President Banda accused of stalling ACB operations

For the past few weeks, operations at the Anti Corruption Bureau (ACB) have almost come to a standstill with no investigations on new cases, a development some employees have laid blamed on President Joyce Banda.

Sources have told Nyasa Times for about six weeks now business at the anti-graft body has been paralyzed since government wrote the bureau Director Alexious Nampota to “voluntarily relinquish his position.”

But the out-of-favour director, who was arrested a few days ago on suspicion that he pocketed huge allowances for a trip he never undertook last year, has remained defiant saying he was not ready to resign and if government wants it should fire him.

Nampota: Out of favour

Our source said nothing, in terms of corruption prevention, is currently working because the beleaguered director is not giving any consent to prosecutors to investigate cases.


Nyasa Times source said all the complaints and tip offs the graft busting body has been receiving lately are just piling up and gathering dust in files because Nampota is not keen to give consent
and assign prosecutors to go ahead with their investigations.

“Everything has come to a standstill. There is nothing we are doing because the director, who is the only person to give a go-ahead and assign a prosecutor to a particular case, has stopped working,” said the source.

“Since he was asked to resign in May he has not been working and the development has stalled all the operations.

“There are several complaints and corruption tips we have been receiving, most of them committed during the previous regime, but we handcuffed, we cannot prosecute without the director assenting,” she explained.

The source confided in Nyasa Times a number of high-profile cases that have been reported to ACB (which ethically we cannot publish) which have been stalled due to the development.

“The problem is how government has handled the issue. But it is shooting itself in the foot because even some cases that are implicating people which government wants to be investigated have also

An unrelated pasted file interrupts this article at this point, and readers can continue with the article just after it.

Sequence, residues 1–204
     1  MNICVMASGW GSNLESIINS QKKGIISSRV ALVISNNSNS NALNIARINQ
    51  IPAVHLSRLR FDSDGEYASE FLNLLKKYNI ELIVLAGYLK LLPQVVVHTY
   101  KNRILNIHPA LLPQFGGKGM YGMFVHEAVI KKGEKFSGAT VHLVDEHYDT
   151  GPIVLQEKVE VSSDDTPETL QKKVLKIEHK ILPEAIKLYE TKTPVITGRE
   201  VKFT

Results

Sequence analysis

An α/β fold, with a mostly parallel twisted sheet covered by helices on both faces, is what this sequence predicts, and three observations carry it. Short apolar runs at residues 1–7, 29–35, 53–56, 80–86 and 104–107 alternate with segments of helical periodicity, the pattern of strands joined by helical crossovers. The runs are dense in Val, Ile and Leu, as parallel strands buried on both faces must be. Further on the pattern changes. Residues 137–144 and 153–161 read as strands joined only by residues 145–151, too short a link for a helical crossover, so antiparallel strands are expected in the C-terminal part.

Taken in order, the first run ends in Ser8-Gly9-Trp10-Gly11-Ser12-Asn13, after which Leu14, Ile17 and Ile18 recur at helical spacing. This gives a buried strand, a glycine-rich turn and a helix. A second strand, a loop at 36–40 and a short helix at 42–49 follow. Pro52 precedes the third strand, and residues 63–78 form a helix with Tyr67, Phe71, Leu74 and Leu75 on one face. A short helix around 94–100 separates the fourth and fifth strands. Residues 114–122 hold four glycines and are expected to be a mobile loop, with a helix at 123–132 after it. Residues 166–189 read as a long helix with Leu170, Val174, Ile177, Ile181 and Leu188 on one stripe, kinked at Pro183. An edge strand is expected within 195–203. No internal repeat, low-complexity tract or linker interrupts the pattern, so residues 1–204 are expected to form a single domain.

halted,” said the source.

The scenario is similar to that of Clerk of Parliament Matilda Katopola who refused to certify the bills passed in Parliament and send them to President Banda to assent so that they become into law.

Katopola vowed never to sign the bills, which included the Appropriation Bill (which allows the just passed K408 billion national budget to become effective) until issues surrounding her compulsory
leave were fully discussed and concluded instead the bills were signed by her deputy, Henry Njolomole, two weeks after they were passed in Parliament.

Nampota, who is serving his second third year contract (2011-2013), is under pressure from government to resign from his post for his alleged unprofessionalism.

Unconfirmed reports were rife that government had tipped Malawi Law Society President John Gift Mwakhwawa to take over from Nampota.

Meanwhile, Nampota has obtained an exparte injunction from the High Court stopping government and its agents or servants for declaring his services at ACB are untenable which government since laughed at and challenge that they would meet in court.


Nampota first joined the ACB at its inception in 1997 as deputy director. He then left it in March 2004 at the end of his contract which was not renewed.

He rejoined the Bureau in 2007 as director, replacing late Tumalisye Ndovi whose appointment was rejected by the Public Appointments Committee (PAC).

Nampota will be remembered by Malawians for his historic prosecution of former president Bakili Muluzi for the ongoing K1.7 billion corruption case.

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